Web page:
This ties in with my above complaint about dialogue, but it bothered me enough to merit its own shiny numeral. I'm a history major obsessed with 15/16/17th century England (and Europe), so I know many of the things I find bothersome and obvious won't be noticed by and large. Some might think me pedantic for not being able to just gloss over them and enjoy the other aspects of reading. But part in parcel of my love for historical fiction is the feel of history that is created by a good one - a feel easily ruined by missteps like in this one. Errors I caught? "Zounds" - a medieval curse formed from shortening "God's wounds", but one that didn't come into the language until 1592 not 1536. "Pimp" is also used in the novel, as in "Anne pimped out her cousin Madge to Henry VIII" - again a word first used in 1607, not 1536.

3. Historical inaccuracies

Along with diction and speech, actual historical fact goes a long way to establishing credibility within a historical fiction. For the most part, Barnhill does a good job with chronology, actual events and such for the duration of the book. Some parts, however, were just dead wrong. For one, the book implies that Sir Thomas Wyatt died in 1537 in the wake and as part of Anne's downfall - ignoring the actual fact that Wyatt was imprisoned, released and died in 1542 peacefully as a free, innocent man.  Another error is the at-least-twice offering to "take tea" during this time mentioned in the book. Tea wasn't introduced into England until the mid-1600's- a full 120 years after Anne Boleyn's death. Thus Madge's offers of tea to settle Anne are just laughable. Lastly, Anne mentions the famous song "Greensleeves" as being written for her by King Henry VIII. This is just a myth - though a popular and prevalent one - and a little Googling research would've made that apparent to the author.

4. The title "At the Mercy of the Queen"

I think this title is just "off" - much as I found "The Winter Palace: a Novel of Catherine the Great" to be a misnomer for the contents within. The title "At the MERCY of the Queen" implies a power and influence that Anne just doesn't have in the last 3 years of her reign (aka the exact time the novel takes place during.) "Spy of the Queen" , "Envoy of the Queen" , "Sheltered Innocent Cousin of the Queen" or something along those lines would be much more indicative of the tone and events of the novel. For it is not Anne but Henry who sets the tone of everyone's actions within the novel - any power Anne accrued by his years-long pursuit has long waned before the beginning of the novel. Henry is the center of things in England, and Anne is at his mercy and whim long before her head is cleaved from her body. The only possible example of Madge being at Anne's discretion is when she is "pimped" out to service King Henry. However, had Anne said no to the scheme and been against the plan and had Henry desired Madge on his own (as is obvious and fact), the conclusion would've been same: Henry would've got his way and Madge would've been in his bed.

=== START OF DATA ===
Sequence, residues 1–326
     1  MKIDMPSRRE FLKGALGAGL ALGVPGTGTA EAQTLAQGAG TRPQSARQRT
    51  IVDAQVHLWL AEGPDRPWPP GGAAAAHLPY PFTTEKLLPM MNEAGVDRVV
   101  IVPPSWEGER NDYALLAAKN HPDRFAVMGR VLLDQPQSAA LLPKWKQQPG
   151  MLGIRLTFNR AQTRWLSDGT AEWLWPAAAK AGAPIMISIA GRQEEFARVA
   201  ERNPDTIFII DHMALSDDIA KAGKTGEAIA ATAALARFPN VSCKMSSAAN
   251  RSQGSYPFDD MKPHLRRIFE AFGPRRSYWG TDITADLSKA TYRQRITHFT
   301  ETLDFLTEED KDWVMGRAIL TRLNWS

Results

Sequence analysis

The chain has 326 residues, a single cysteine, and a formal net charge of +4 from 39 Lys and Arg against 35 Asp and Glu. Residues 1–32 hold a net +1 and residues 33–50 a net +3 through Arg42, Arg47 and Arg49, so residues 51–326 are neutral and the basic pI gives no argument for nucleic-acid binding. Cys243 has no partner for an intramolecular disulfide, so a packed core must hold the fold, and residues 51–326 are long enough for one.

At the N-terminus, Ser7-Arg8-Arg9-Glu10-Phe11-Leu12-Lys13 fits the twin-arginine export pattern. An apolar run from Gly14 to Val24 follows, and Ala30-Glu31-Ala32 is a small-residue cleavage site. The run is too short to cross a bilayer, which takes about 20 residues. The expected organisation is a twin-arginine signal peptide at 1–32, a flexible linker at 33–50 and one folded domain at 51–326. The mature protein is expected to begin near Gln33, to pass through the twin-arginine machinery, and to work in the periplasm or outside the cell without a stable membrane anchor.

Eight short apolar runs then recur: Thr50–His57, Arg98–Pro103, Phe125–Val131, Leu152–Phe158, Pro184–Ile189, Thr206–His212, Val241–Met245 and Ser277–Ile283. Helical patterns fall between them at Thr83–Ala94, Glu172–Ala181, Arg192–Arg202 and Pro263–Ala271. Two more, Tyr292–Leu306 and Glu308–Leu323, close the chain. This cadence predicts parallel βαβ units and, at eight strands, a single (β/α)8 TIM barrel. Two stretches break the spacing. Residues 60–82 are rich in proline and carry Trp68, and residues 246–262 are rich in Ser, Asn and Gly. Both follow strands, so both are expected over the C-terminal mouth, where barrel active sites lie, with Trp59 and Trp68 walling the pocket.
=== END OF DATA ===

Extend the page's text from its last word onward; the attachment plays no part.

For all those gripes, At the Mercy of the Queen definitely - and easily - gets the fear and tension of this time down pat. Life, uncertainty and fear were the daily staples of life within Great Harry's Court, especially as he aged and was further disappointed. I wish Henry had more of a presence within the book - both him and his actions are usually removed from the forefront, with the focus of the novel on Anne and Madge reacting to whatever happened. If Madge had been more dynamic or Henry more involved, this might have been a mroe entertaining read. As it is, this is at times bland, at times frustrating and wholly unmemorable for fans of the genre. Anne Boleyn's story has been told much more intricately, much more historically correct and much more fun to read. Last word on this one: pass